Nov 24, 2014 by Chris Wood, Ph.D.
The Peachtree City Water and Sewerage Authority (PCWASA) has been committed to educating the public on important issues for years, and the industry is taking notice.
During its recent Fall Conference in Dalton, the Georgia Association of Water Professionals (GAWP) recognized PCWASA for outstanding achievement in public education. The Authority brought home two coveted Public Education industry awards for Best New Media and Best Direct Media, honors received due to the emphasis in public education and outreach through its website and customer newsletter, respectively.
“As a member of GAWP, I can attest that these industry awards are not easy to win,” remarked Frank Destadio during the PCWASA November meeting, when the awards were announced. “The Authority should be commended for these accomplishments.” Destadio was in attendance at the meeting due to his role on the Peachtree City Planning Commission. He is an engineer by profession as well for CH2M Hill.
The GAWP Public Education Award for Best New Media judges water and sewer utility websites, social media platforms, blogs, etc. according to the amount of public information addressing key issues that impact the public, especially the utility’s customers. The PCWASA website – at www.pcwasa.org – features news and information on relevant topics such as the Authority’s waste water reuse and the proper disposal of household fats, oils, and grease (FOG), among others.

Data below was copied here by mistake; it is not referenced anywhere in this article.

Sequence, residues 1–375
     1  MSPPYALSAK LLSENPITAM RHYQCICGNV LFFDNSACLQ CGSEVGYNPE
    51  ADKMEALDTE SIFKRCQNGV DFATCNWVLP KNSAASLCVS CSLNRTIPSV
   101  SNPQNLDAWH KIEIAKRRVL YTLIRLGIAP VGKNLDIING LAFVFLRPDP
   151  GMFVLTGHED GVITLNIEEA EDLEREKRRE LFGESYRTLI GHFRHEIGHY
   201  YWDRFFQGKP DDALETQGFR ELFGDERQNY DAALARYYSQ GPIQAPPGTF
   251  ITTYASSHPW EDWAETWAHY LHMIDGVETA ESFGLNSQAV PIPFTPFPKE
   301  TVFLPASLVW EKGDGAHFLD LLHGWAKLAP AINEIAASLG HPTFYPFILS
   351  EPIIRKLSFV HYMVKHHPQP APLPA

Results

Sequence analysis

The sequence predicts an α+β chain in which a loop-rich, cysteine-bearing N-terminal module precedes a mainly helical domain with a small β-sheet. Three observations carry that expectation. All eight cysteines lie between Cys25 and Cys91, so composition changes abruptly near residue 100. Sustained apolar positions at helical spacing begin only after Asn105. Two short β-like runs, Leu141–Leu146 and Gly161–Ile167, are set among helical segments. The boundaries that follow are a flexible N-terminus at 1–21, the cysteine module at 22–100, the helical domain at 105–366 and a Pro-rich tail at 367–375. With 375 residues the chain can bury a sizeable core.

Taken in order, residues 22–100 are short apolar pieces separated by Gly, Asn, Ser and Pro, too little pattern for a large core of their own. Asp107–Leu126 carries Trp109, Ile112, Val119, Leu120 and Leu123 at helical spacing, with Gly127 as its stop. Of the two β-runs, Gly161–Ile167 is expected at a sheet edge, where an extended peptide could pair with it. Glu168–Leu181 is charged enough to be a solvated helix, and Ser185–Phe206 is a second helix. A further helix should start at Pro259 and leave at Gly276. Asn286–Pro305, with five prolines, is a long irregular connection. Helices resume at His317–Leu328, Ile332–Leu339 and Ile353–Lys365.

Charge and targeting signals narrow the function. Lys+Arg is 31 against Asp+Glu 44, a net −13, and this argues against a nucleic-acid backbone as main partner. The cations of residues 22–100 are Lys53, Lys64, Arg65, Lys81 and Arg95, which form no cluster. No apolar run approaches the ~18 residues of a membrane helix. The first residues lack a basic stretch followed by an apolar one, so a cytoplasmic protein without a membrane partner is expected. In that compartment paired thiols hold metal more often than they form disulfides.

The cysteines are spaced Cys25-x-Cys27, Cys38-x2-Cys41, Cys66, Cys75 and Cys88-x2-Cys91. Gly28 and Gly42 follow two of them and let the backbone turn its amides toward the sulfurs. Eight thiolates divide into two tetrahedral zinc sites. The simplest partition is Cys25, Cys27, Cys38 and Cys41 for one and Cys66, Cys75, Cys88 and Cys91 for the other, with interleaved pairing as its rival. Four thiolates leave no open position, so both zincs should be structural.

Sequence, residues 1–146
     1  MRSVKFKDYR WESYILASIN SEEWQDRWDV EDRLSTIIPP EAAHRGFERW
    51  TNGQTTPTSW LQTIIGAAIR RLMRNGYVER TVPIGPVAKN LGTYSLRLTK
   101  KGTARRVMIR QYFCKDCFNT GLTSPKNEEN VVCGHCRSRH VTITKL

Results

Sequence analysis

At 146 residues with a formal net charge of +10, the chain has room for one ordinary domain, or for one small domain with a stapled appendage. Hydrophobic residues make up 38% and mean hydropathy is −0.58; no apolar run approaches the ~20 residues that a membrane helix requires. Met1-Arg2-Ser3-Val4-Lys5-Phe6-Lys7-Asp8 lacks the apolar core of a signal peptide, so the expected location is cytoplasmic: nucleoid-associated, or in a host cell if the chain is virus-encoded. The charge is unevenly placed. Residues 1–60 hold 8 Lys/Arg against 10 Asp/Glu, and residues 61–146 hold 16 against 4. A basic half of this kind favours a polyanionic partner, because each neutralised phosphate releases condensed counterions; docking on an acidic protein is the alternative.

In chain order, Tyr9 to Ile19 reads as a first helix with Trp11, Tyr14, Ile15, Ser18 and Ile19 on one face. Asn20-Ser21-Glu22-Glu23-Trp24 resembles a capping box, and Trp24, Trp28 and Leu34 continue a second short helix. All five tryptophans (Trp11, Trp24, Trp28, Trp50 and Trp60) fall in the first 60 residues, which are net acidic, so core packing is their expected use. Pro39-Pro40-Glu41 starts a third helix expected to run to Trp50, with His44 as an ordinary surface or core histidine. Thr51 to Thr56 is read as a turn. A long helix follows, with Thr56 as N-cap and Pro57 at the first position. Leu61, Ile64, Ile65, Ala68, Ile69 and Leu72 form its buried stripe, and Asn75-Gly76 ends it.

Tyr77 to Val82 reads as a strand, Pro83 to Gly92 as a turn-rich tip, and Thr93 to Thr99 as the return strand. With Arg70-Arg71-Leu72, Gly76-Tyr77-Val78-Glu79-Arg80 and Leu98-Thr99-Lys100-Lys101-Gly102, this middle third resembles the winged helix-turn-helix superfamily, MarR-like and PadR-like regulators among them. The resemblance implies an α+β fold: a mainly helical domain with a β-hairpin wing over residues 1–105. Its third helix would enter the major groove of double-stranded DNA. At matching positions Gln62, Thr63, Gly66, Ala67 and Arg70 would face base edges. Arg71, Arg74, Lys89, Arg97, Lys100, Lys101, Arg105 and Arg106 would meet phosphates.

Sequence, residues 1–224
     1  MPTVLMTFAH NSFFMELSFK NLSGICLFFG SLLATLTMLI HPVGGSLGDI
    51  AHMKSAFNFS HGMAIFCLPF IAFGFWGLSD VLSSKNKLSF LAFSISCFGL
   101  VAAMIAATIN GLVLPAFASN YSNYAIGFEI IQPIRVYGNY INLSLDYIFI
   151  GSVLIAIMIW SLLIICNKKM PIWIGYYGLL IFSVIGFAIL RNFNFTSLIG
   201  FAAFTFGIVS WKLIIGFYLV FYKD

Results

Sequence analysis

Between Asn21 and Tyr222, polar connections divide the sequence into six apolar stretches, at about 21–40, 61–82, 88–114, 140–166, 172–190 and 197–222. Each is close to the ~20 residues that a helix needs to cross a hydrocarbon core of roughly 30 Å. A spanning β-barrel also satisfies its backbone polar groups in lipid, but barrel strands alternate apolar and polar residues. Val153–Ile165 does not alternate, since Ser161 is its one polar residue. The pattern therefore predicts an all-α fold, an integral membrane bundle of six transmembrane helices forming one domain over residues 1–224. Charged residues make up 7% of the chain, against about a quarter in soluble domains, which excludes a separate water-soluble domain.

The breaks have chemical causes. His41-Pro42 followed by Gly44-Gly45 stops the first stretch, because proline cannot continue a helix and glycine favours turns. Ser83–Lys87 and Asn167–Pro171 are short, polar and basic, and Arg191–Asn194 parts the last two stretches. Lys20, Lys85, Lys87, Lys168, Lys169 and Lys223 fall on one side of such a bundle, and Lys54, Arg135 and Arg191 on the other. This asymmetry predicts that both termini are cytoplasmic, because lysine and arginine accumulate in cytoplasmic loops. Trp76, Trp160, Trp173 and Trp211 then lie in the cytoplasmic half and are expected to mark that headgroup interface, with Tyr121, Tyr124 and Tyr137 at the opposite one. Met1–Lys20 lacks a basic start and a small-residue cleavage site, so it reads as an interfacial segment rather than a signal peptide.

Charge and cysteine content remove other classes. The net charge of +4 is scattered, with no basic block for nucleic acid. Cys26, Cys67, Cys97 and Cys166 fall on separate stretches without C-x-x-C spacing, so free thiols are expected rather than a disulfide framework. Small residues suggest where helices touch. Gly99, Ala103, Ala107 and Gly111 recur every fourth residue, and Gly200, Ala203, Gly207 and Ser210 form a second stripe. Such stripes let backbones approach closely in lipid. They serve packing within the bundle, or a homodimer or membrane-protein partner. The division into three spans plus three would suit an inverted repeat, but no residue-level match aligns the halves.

The Best Direct Media GAWP Public Education Award recognizes the utility with the best newsletter, billing insert, brochure or other collateral material, which likewise provides key educational messages for target audiences.
PCWASA’s customer newsletter – The Pipeline – is published at least twice each year and distributed to customers through a billing insert. Fayette Water System, which handles customer billing for PCWASA, inserts the Authority’s newsletter at no additional cost for postage or handling, since the weight of the publication does not cause the entire customer bill to exceed one ounce.
“Educating the public about issues that are important to them – and which impact our system and operations – is critically important,” says Stephen Hogan, PCWASA General Manager. “We choose to be proactive in informing our customers, especially, because we want them to be more knowledgeable about what it is that we do in the community, and what they can do to help us.”
As an example, Hogan notes that something as simple as customer compliance in properly disposing of household grease can save the utility thousands of dollars in system maintenance and potential fines from regulatory agencies, which can occur with sewer spills and overflows caused by sewer lines clogged with grease.
The GAWP Public Education Awards are expected to be presented by officials from the professional association to the PCWASA Board during the Authority’s December meeting.
Chris Wood, Ph.D.
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